PMI is known as the acronym for private mortgage insurance. Private Mortgage Insurance is used when a borrower has less than 20% for a down payment. Private mortgage insurance protects mortgage lenders against potential losses in the event of borrower default. The insurance company, collects a monthly premium from the borrower (based on risk analysis) and agrees to pay the lender a certain amount of money if the loan defaults (usually 17-25% of the loan amount). It's model was based on FHA loans and their mortgage insurance premium (called MIP, probably to confuse you). FHA and VA offer guarantees to the lender equal to as much as 25% of the mortgage balance.
If a borrower defaults on his conventional mortgage (goes 90 days late on a payment), the lender files the state-specific foreclosure notice and sends in a claim to the insurance company to recover as much as 20% of the mortgage balance. This, in turn, gives the lender a smaller risk when the lender sells the property to recover their losses.
Let's assume we have a $300,000 loan for a property that was purchased last year for $317,000. Could that property have dropped in value since October of 2005 ? Well, if it was a condo in my hometown, San Diego, it may be selling for as little as $260,000 today. Assume it costs about 8% to sell the property. You, the Realtor, should know two things:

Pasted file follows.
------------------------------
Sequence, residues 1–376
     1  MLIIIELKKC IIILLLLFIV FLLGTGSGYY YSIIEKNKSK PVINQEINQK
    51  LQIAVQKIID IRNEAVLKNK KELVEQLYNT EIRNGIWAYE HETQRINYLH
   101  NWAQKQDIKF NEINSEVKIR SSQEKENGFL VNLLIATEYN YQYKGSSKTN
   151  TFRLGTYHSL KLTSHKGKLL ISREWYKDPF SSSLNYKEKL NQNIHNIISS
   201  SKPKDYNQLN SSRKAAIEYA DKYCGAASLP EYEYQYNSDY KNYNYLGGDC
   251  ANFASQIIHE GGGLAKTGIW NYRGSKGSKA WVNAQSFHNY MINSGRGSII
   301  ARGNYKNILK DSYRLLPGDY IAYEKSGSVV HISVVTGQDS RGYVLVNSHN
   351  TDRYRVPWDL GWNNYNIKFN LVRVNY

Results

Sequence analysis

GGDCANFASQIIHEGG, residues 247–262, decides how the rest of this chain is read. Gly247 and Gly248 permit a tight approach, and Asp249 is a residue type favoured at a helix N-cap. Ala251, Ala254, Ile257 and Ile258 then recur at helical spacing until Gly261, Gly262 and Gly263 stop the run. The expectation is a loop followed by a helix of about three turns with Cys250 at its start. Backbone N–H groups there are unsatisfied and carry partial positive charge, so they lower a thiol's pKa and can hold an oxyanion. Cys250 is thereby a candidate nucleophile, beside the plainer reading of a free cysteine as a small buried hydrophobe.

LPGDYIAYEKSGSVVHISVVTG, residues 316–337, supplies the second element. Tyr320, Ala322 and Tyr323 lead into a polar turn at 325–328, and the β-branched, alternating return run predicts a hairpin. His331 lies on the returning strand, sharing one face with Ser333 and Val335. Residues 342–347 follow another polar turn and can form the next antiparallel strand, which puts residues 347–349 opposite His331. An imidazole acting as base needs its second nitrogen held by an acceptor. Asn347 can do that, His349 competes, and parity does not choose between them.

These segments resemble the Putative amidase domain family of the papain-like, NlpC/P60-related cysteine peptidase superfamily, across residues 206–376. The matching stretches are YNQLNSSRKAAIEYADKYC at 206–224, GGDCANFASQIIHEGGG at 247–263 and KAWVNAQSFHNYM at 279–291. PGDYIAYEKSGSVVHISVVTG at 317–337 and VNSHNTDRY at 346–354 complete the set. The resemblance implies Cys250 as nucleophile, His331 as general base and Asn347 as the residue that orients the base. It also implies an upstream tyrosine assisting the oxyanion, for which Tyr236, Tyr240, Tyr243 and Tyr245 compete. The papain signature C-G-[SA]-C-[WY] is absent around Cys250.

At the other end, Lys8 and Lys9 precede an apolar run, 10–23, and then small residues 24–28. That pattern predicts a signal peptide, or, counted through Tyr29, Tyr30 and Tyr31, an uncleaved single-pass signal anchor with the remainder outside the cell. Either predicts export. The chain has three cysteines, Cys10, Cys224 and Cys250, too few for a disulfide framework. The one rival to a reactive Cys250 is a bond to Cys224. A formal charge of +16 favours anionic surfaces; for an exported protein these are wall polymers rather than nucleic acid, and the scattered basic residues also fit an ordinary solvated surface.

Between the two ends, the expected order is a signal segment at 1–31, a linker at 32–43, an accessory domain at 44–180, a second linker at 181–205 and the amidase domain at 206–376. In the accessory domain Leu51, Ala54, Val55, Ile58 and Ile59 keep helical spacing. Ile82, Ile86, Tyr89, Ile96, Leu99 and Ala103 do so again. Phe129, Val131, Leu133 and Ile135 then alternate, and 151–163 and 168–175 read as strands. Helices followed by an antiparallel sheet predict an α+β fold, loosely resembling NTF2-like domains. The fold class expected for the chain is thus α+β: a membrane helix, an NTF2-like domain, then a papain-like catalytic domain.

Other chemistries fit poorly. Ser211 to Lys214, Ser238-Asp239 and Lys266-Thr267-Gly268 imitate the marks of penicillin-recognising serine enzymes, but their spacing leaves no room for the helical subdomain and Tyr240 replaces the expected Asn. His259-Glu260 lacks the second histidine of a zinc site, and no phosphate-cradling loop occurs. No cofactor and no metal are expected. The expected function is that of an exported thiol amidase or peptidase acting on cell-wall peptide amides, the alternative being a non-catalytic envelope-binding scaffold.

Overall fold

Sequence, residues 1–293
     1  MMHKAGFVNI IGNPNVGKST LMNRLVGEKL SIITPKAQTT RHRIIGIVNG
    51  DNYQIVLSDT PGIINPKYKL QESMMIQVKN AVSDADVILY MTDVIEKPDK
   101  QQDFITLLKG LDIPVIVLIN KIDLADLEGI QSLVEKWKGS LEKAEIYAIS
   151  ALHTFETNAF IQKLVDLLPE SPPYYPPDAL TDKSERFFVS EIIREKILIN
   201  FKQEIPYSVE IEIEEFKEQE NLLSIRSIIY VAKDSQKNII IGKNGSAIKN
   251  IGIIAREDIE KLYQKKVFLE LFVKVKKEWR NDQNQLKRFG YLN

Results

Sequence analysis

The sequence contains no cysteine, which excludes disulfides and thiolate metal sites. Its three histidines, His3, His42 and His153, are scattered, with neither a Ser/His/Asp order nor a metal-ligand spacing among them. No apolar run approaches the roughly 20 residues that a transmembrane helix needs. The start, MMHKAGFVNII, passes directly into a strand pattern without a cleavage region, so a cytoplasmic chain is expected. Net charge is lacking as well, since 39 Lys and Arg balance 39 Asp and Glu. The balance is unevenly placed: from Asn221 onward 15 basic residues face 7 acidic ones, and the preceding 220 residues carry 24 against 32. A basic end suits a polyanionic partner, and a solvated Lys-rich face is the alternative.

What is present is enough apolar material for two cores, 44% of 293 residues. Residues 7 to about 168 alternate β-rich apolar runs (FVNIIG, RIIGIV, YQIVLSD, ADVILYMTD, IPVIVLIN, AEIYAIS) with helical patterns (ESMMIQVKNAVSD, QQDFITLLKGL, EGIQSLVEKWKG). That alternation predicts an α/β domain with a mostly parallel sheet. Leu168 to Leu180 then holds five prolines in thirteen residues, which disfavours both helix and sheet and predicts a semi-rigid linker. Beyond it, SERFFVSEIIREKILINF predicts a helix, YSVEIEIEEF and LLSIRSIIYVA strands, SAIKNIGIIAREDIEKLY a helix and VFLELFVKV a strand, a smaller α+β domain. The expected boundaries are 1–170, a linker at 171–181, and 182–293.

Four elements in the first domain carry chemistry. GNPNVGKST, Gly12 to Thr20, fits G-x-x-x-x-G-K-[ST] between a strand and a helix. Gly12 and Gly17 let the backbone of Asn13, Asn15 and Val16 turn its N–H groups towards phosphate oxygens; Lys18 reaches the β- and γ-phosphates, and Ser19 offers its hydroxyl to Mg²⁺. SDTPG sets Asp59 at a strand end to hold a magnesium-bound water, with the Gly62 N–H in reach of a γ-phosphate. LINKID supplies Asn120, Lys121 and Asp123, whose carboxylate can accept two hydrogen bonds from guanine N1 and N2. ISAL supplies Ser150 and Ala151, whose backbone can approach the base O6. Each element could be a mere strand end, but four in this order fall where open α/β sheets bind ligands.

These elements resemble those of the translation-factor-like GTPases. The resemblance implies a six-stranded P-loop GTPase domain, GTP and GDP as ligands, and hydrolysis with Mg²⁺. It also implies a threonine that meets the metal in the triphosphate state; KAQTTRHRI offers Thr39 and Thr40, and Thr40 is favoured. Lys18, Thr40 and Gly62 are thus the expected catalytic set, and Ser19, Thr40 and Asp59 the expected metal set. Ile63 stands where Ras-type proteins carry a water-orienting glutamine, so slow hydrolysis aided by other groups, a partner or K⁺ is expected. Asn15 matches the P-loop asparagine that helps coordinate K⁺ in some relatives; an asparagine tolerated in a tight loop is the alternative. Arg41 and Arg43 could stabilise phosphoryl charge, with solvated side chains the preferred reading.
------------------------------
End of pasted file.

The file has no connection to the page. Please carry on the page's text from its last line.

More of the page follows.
How much will the lender receive from the insurance company if the borrower defaults?
$300,000 times .20= $60,000
What price must the lender sell for to not have a loss?
Well, the lender's exposure has been limited to $240,000 now that they received $60,000 from the mortgage insurance company. We take $240,000 divided by 92% (remember that it costs 8% to sell so the 92% represents the net proceeds). $240,000/.92= $260,900.
Why is this so important to you, the professional Realtor? When negotiating an offer for a property that would result in a short payoff to a lender, you need to remember this fact: PMI claims will mitigate some of that loss. If you know that a seller has PMI on their mortgage, you have that much more wiggle room when negotiating a short sale with the lender. Lenders have been known to attack Realtors' commissions as much as 50% when a short sale exists.Knowing your numbers and how PMI affects a lender will help you defend your commission. If you understand the net effect the sale will have on a lender, your short sales will go much more smoothly.
N.B.- This post is an excellent starting point but gets better as the reader scrolls through the comments. I was fortunate enough to draw the attention of my friend Bill Archambault , long-time lender and Realtor. He clarifies a few fine points and offers an opinion about negotiating short sales.
COMMENTS FROM THE ORIGINAL POST, WRITTEN IN NOVEMBER, 2006, CAN BE FOUND HERE